Even today some scholars (like the German Werner Forner, the French Jean-Philippe Dalbera and the Italian Giulia Petracco Sicardi) agree that Niçard has some characteristics (phonetical, lexical and morphological) that are typical of the western Ligurian language.[4]

The French scholar Jean-Philippe Dalbera (in Bernard Cerquiglini's report) pinpoints in his Les langues de France[5] the actual existence of a Ligurian dialect, called Royasque, in the Roya Valley (near Tende), in the westernmost part of the County of Nice. Royasque, which is a Ligurian variety, should not be confused with Niçard.

However most experts in Romance linguistics see Niçard as a variety of Occitan. Statements saying that Niçard is a Ligurian or Italian dialect[6] are not supported by these experts (see especially Dalbera 1984).[7] Indeed, French scholar Bernard Cerquiglini wrote in his book on the languages of France about the actual existence of a Ligurian minority in Tende, Roquebrune and Menton, a remnant of a bigger medieval "Ligurian" area that included Nice and most of the coastal County of Nice.

Differences between Niçard and standard Occitan

  1. Niçard does not make the plural by adding the letter "s", but instead changes the last vowel
  2. Niçard uses "non" before the verb to make a negative of it, whereas Occitan uses "pas" after the verb.
  3. Niçard has some proparoxytonic words (such as lagrima) like Italian, while Occitan has no proxitonical words (lagrema).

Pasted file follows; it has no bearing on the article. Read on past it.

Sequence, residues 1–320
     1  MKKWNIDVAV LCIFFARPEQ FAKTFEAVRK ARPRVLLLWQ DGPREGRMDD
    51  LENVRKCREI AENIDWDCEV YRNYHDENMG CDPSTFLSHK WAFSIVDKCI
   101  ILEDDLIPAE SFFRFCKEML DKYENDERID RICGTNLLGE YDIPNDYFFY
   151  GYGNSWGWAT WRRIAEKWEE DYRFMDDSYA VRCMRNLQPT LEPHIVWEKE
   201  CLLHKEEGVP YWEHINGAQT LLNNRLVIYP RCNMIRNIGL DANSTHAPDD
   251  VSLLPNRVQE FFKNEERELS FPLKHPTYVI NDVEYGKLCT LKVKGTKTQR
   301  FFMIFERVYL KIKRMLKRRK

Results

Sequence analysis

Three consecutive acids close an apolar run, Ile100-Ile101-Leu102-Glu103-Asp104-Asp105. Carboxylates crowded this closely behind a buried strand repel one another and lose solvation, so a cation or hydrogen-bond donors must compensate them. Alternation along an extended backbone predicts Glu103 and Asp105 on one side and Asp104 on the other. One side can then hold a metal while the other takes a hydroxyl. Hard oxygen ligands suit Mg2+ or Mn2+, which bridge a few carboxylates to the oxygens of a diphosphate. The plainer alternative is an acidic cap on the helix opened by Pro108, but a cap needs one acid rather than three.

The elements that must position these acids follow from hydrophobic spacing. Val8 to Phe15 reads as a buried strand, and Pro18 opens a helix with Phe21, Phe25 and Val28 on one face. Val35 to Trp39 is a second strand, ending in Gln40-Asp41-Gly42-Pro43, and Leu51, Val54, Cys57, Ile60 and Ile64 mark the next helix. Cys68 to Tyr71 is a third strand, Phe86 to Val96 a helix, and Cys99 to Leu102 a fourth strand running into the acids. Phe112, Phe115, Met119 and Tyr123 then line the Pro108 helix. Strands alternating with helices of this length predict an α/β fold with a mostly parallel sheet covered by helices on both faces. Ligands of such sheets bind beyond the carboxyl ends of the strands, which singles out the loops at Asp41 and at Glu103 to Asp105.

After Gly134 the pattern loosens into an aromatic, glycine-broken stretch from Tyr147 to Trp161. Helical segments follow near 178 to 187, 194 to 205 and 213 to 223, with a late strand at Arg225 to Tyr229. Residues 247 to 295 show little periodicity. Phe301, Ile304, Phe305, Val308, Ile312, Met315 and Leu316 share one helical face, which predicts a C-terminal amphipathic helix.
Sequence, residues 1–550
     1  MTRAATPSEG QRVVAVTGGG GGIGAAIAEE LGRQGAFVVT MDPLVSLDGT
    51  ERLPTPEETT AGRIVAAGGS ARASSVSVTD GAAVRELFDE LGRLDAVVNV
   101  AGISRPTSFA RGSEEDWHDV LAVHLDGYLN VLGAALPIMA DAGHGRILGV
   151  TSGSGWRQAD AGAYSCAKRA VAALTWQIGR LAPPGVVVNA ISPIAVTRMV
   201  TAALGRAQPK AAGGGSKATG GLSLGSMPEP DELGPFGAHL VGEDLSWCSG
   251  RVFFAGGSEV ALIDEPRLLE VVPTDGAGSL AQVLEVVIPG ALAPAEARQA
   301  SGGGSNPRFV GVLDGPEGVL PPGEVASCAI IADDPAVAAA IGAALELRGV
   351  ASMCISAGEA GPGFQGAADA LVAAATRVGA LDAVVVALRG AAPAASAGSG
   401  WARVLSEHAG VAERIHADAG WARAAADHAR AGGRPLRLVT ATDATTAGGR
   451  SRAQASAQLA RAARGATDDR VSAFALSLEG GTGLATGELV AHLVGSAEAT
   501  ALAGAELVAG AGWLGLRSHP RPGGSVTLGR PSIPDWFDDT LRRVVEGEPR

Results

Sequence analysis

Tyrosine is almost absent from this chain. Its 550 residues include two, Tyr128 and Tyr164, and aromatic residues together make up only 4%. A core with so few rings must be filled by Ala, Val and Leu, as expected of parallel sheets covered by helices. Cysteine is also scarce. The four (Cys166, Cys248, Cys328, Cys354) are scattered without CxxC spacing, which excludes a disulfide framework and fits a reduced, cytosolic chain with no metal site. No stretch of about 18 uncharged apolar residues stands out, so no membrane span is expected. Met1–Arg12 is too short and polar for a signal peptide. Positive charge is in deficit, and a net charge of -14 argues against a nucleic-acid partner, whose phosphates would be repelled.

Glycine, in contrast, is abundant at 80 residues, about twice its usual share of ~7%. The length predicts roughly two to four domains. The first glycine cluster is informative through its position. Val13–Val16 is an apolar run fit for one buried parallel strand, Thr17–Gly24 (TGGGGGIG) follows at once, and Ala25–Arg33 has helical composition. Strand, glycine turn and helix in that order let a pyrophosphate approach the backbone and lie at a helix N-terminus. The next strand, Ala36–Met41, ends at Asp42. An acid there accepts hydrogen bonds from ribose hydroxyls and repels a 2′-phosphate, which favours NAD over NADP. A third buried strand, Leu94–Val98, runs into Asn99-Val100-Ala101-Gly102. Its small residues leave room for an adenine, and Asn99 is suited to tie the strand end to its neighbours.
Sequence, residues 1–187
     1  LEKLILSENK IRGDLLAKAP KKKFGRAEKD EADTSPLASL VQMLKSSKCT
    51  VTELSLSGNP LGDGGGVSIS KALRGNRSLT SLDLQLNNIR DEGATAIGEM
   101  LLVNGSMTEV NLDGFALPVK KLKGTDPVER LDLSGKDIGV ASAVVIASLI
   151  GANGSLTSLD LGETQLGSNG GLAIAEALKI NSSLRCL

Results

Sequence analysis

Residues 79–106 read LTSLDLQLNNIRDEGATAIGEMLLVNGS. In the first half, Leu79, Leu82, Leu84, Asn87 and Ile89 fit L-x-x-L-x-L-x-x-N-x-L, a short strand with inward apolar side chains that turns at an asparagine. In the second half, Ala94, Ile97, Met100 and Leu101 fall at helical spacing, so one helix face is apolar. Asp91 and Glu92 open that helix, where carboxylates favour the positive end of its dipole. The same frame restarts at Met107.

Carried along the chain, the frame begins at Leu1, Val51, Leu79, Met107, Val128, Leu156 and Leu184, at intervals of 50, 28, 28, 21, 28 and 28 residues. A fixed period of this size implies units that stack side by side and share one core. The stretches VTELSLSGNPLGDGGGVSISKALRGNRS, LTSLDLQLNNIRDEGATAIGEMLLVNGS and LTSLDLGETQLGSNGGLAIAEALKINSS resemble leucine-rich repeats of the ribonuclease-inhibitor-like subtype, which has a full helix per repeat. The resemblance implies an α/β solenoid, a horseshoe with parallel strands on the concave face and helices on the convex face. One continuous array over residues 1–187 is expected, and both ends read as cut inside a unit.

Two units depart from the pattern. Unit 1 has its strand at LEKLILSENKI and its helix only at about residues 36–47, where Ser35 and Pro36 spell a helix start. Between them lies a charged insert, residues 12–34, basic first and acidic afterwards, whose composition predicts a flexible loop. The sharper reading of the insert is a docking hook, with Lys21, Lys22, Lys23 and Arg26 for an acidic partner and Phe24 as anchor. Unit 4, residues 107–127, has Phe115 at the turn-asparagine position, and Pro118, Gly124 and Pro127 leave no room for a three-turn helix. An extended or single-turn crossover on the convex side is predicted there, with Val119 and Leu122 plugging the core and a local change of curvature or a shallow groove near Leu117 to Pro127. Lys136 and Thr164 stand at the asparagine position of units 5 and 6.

4. Niçard has conserved the Latin "d" between vowels (as in creder, veder)
  5. Niçard uses the definite article before the possessive, as in Italian and Portuguese
  6. Niçard in creating the future tense of verbs ending in "-ar" changes "a" to "e" (for example, parlar becomes parlerai, not parlarai as in Occitan)
  7. Niçard retains a different sound for the letters B and V, whereas in Occitan both sound like B.
  8. Niçard used "Ahì" to say yes, not "O" or "Oc", as in Occitan dialects.
  9. Niçard still ends feminine words in A, as in Latin, Italian, or Spanish, whereas Occitan has endings in O
  10. Niçard shares many words with Italian and its dialects (anquei pms. ancheuj, lij. ancheu, brut, capir; plu and not mai or mes to say "more", as in Occitan, pilhar, bastian countrari, ficcanas, madona, minga, calar, tchapar, rumenta, riturnella, testada, testard, tchouc) that are absent in other Occitan dialects.

See also


  1. Hammarström, Harald; Forkel, Robert; Haspelmath, Martin; Bank, Sebastian, eds. (2016). "Niçard". Glottolog 2.7. Jena: Max Planck Institute for the Science of Human History.
  2. (Italian) Nizza Italiana' by Francesco Barberis
  3. Vignoli, Giulio Gli Italiani Dimenticati. Minoranze Italiane In Europa. p. 85-98
  4. Petracco Sicardi, Giulia. L'amfizona Liguria-Provenza. p 107
  5. DALBERA Jean-Philippe (2003) “Les îlots liguriens de France” [in: CERQUIGLINI Bernard (2003) (dir.) Les langues de France, Paris: Presses Universitaires de France / Ministère de la Culture et de la Communication-DGLFLF, p. 125-136]
  6. Beyond Boundaries: Language and Identity in Contemporary Europe, Chapter Seven. Retrieved 2013-10-01.
  7. DALBERA Jean-Philippe (1984) Les parlers des Alpes Maritimes: étude comparative, essai de reconstruction [PhD thesis], Toulouse: Université de Toulouse 2 [ed. 1994, London: Association Internationale d’Études Occitanes]